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Oil Prices Squeeze Pentagon's Budget

The Defense Department is the government's largest consumer of petroleum products, like gasoline, diesel and jet fuel.

And if it costs $100 to fill up an SUV, just imagine what it takes to gas up a stealth bomber.

The Air Force is the biggest user of fuel, consuming 71 percent of the military's gallons. Those huge aircraft that transport personnel and equipment all over the world are not economy boxes. Take the C-5 Galaxy, which can carry 135 tons: It gets .07 miles per gallon.


And the armies on the ground in Iraq and Afghanistan aren't driving hybrids. In Iraq alone, the military burns more than a million and a half gallons a day.

Lt. Col. Brian Maka puts the Pentagon's fuel expenses in perspective. "Generally, a $1 increase in the price of a barrel of oil on the open market translates into an increase for the whole department of $130 million," Maka says.

Over the last six months, oil prices have increased by roughly $50 a barrel. That translates into a huge spending increase.

The Defense Department prepares its budget 18 months in advance and had no way of predicting that oil prices would increase this much in such a short period of time.

"The implication of that is since these fuel costs go into our ... operations and maintenance budgets, those are going to be the budgets that are hit the hardest," says Dov Zakheim, a former controller for the Defense Department. "The problem is that those are the very same budgets that are ... paying for our operations in places like Iraq and Afghanistan. So it's kind of a vicious circle, and a very, very difficult one to deal with."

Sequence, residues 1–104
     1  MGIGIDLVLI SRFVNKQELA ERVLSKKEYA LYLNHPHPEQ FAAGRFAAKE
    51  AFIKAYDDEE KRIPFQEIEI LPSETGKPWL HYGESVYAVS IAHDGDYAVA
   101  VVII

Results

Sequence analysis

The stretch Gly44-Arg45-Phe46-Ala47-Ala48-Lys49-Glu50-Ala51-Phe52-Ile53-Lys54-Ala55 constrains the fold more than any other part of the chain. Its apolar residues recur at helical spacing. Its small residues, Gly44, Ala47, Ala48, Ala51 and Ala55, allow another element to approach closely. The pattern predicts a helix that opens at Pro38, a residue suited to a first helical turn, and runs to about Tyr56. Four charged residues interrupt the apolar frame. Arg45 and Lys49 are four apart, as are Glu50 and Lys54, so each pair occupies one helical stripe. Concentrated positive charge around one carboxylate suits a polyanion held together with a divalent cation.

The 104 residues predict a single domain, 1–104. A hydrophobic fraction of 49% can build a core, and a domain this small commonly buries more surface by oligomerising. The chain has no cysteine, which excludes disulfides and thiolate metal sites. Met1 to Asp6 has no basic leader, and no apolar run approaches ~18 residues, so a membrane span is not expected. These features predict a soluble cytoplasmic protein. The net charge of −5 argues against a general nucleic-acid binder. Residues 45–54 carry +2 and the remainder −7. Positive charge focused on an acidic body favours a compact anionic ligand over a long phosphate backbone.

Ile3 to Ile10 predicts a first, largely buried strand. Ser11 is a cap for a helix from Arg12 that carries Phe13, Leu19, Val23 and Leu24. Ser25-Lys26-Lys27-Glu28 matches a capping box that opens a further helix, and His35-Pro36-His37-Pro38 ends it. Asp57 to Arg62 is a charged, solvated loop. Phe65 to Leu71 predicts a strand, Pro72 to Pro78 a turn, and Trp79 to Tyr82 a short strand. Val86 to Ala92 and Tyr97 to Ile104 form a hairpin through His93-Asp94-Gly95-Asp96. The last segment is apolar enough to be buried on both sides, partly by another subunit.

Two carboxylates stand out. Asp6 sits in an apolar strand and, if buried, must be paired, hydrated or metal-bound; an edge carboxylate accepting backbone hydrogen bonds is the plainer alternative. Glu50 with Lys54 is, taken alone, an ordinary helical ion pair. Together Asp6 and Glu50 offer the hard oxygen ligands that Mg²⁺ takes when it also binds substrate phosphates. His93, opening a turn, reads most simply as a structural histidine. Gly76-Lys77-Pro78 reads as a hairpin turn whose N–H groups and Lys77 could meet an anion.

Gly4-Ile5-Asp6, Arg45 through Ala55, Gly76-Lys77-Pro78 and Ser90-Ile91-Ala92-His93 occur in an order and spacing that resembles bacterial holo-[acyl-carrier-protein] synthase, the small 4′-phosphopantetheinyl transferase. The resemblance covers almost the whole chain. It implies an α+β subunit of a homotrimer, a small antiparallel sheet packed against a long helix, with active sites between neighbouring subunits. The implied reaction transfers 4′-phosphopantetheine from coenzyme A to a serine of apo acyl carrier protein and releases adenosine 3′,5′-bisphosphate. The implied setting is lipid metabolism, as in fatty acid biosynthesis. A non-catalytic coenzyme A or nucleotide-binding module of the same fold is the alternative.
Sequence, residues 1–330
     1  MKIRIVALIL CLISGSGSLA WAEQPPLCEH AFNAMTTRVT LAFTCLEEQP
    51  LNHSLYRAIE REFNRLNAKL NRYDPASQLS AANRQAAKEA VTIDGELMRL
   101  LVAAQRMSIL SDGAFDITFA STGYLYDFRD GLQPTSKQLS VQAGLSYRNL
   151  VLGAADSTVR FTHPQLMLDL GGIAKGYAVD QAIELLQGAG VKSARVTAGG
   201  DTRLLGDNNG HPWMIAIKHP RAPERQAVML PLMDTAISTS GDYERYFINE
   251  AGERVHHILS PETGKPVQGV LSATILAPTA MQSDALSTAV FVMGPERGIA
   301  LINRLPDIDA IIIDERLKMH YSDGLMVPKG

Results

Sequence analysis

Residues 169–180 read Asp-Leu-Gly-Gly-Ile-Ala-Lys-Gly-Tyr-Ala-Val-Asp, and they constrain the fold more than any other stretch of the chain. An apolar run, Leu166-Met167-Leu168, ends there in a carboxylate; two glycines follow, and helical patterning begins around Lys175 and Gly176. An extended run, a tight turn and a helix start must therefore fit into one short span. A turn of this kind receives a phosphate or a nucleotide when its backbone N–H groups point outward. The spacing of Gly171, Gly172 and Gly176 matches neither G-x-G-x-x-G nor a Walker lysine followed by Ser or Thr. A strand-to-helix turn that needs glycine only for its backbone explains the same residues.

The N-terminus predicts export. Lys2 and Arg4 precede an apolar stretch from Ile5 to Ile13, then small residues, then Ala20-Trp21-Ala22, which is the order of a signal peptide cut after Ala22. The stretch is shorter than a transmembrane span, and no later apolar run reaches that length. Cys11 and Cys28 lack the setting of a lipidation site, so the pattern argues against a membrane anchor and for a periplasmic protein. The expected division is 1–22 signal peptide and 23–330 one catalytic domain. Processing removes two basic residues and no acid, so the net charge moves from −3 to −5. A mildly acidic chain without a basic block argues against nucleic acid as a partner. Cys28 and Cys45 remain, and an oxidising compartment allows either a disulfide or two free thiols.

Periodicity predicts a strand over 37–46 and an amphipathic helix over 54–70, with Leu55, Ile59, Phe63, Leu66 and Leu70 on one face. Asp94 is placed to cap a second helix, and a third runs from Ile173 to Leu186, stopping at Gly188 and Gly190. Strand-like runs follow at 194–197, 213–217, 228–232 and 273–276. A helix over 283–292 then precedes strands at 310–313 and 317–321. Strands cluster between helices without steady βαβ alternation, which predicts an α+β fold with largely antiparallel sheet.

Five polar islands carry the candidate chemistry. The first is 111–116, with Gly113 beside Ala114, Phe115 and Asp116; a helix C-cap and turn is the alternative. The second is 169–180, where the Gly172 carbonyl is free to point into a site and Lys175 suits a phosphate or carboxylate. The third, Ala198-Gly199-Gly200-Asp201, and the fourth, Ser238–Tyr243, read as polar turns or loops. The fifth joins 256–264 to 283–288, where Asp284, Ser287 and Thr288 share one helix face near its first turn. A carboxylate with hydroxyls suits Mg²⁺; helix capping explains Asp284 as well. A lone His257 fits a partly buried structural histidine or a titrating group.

And it's probably not going to get any better any time soon.

"We anticipate over the next three months that the increase in fuel costs for the department [will be] $1.2 billion," Maka says, adding that the Defense Department will likely have to ask Congress for additional funding.

In Congress, several senators have proposed that Iraq should start paying for some of the military's fuel costs because of its large oil reserves.

But Zakheim says he doesn't think that's going anywhere.

"I'm just not sure that the Iraqi government would respond the way we might hope them to," he says.

Instead, Zakheim thinks the Pentagon will throw its considerable research and development resources into finding alternative fuels.

"My guess is that we are going to see something like other cases in the past where the Pentagon forged ahead in the science and technology world because it was impelled to do so," he says. "After all, the Internet did start with the Pentagon."

But that kind of research and development takes time. Meanwhile, the meter is still running — faster and faster.

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Corrected: July 3, 2008 at 10:43 AM PDT
The audio story quotes Lt. Col. Brian Maka, who said, "Well, generally a $1 increase in the price of a barrel of oil on the open market translates into an increase for the whole department of $130 million." We then made a math error, suggesting that the recent $50-a-barrel rise in oil prices has cost the Pentagon over half a billion dollars. In fact, if a $1 increase in a barrel of oil translates into $130 million in additional costs, then an immediate $50 increase would translate into $6.5 billion in costs. However, since the price of oil rose steadily over a period of months, the Pentagon's actual cost increases are likely to fall somewhere between the two extremes.